|Saturday, June 17, 2000||
Apropos of Khushwant Singh’s "Writers’ code of honour" (May 27), as far as I remember, India was perhaps the first non-Muslim country to impose a ban on Salman Rushdie’s book.
In a creative writer there is always an element of questioning, of adventure, of searching for new horizons, of going into depths and raising from these depths with new values. Viewed from this angle both Salman Rushdie and Taslima Nasreen have been more sinned against that sinning.
What is vital is that a writer must have the independence of thought and the courage of his convictions. From this it follows that if the present-day writers are sincere about bringing about social changes or checking the high-handedness of authorities and if their intent goes beyond earning money through newspaper and magazine articles, a passive role like mere indulgence in criticism will not suffice. There has also to be an active role through which dissent is channelled into concrete action.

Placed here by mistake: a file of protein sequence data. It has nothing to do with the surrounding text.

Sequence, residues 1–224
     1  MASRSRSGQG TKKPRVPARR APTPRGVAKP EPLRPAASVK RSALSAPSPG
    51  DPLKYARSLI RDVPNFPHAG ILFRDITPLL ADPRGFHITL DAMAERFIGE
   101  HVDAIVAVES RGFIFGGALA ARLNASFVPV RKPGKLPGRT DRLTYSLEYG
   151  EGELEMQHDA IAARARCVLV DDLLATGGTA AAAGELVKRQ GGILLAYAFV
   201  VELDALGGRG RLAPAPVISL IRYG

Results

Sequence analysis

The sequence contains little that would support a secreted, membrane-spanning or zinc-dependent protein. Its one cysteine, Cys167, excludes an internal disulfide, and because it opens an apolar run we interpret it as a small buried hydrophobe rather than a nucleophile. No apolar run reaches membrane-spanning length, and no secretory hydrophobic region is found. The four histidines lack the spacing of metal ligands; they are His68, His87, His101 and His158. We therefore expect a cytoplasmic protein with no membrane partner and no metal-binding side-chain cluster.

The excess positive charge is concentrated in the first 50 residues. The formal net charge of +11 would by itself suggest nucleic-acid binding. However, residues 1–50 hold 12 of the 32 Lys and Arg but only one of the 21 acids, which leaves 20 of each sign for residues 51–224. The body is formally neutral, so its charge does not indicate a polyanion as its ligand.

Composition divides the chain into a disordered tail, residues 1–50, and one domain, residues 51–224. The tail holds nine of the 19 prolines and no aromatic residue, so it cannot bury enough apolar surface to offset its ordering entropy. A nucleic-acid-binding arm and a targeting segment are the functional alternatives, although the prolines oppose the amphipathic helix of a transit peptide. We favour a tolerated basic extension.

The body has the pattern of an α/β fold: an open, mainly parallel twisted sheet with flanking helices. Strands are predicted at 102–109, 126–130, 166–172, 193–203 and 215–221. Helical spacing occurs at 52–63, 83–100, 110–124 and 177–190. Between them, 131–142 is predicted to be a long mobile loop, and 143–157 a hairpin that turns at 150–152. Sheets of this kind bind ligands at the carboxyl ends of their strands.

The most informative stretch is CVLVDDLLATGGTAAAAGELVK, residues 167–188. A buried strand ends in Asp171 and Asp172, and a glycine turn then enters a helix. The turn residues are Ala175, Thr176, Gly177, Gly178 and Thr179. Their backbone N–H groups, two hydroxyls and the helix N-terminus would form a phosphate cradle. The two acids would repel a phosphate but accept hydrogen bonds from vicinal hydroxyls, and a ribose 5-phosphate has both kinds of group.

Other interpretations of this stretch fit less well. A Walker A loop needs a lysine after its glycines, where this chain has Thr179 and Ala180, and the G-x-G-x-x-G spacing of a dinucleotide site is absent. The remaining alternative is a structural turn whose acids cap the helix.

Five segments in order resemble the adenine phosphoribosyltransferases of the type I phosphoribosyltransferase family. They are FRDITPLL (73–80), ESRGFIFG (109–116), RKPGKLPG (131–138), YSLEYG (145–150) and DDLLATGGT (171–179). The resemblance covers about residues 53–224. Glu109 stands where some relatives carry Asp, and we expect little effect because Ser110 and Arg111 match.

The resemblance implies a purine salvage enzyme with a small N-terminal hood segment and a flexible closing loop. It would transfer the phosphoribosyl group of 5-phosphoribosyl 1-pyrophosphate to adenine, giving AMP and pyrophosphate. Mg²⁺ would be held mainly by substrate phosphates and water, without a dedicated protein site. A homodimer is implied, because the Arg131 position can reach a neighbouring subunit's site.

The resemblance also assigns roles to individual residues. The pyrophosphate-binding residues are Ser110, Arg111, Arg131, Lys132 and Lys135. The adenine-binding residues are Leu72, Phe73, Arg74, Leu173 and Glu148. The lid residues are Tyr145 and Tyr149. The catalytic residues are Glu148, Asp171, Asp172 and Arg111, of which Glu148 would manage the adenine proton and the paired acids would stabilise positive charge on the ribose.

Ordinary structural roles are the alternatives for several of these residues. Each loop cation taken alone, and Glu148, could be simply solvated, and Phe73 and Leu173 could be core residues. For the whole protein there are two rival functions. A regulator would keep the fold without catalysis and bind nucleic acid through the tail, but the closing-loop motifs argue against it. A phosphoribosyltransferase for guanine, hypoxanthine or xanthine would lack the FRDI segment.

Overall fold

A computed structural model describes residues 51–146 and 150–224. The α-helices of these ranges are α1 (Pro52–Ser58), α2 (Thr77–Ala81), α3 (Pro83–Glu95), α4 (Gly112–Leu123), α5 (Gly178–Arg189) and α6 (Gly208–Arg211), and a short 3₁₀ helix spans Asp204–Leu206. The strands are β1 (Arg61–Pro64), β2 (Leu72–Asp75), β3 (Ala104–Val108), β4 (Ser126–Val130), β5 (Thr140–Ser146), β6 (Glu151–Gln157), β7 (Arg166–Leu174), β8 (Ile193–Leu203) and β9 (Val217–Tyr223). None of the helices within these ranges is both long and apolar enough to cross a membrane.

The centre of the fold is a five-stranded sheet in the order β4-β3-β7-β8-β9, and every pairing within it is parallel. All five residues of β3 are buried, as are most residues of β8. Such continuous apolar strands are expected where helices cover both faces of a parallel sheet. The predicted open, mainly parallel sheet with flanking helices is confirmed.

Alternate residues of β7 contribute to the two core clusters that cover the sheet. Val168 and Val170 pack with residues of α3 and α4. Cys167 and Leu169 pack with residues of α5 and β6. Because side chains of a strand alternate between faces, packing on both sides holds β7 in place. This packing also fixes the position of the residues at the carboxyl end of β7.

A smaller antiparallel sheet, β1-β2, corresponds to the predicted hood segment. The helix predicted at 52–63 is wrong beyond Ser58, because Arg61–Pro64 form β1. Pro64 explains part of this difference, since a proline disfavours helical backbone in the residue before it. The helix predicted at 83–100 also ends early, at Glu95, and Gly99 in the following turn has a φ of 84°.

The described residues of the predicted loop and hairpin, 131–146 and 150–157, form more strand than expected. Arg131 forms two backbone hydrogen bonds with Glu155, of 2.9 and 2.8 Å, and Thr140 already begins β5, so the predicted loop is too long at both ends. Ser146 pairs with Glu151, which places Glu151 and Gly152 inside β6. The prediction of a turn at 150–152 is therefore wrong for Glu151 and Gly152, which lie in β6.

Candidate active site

This refers to Prabhjot Singh’s ‘A year after their martyrdom...’ (May 20). To a person who is well versed with the Indian socio-political psyche, it does not come as a shock to know that within one year of the supreme sacrifice of our great soldiers, their bereaved families have been left to fend for themselves. Our political leaders have washed their hands off the matter by making ex-gratia payments, while the people feel satisfied by criticising the government.